ROMNEY: It was a mistake. I misspoke. I’ve said something that is similar to that, but quite acceptable, for a long time. And you know, when you do I don’t know how many thousands of interviews, now and then you may get it wrong. And I misspoke. Plain and simple.
RALSTON: What did you mean to say?
ROMNEY: Well, what I said was that my focus, my primary focus, is on helping people get in the middle class and grow the middle class. That we have a safety net that cares for the poor, I want to keep that safety net strong and able. The wealthy are doing just fine. But we really need to focus on the middle income people in this country. And you know what, if people are going to go after me when I make a mistake — when I slip up on a word I say, even when I say I got it wrong, sorry, that’s not what I meant — you know that’s part of the political process and I understand that.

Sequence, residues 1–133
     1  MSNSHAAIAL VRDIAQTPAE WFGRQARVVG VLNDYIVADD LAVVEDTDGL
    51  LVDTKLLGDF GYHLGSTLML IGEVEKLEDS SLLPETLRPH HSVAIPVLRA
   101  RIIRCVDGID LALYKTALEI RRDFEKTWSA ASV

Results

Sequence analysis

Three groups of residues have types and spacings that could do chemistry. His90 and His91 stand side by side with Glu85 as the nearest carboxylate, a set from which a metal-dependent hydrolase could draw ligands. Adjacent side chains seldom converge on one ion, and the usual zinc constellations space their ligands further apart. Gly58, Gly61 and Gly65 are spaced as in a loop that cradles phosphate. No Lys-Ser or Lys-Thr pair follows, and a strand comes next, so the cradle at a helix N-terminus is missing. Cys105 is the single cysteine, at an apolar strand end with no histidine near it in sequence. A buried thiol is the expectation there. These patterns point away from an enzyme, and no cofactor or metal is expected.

However, Romney’s claim that he misspoke flies in the face of the fact that he’s used similar language before to explain his lack of concern for the poor. “The people who need the help the most are not the poor, who have a safety net,” Romney explained during an Oct. 20 town hall at Morningside College in Sioux City, Iowa. “The very poor have a safety net, they’re taken care of,” he said in an October debate.
According to the latest data, the percentage of Americans qualifying as “very poor” — meaning that they live in a household with an income of less than half the federal poverty rate — has hit a 35 year high, so they are decidedly not taken care of. And Romney’s economic plan wouldn’t make them any better off. In fact, Romney would raise taxes on 20 percent of households making between $10,000 and $20,000, because of his less generous tax credits.
Not only that, but his plan would cut critical safety net programs like food stamps and Medicaid, and limit the ability “to leverage federal resources to provide necessary social services to assist people in need.” As the Center for American Progress Action Fund’s Desmond Brown wrote, Romney’s plan “would provide $2.24 trillion in tax breaks to the superrich while cutting $2.17 trillion from critical health care services for poor and elderly Americans.”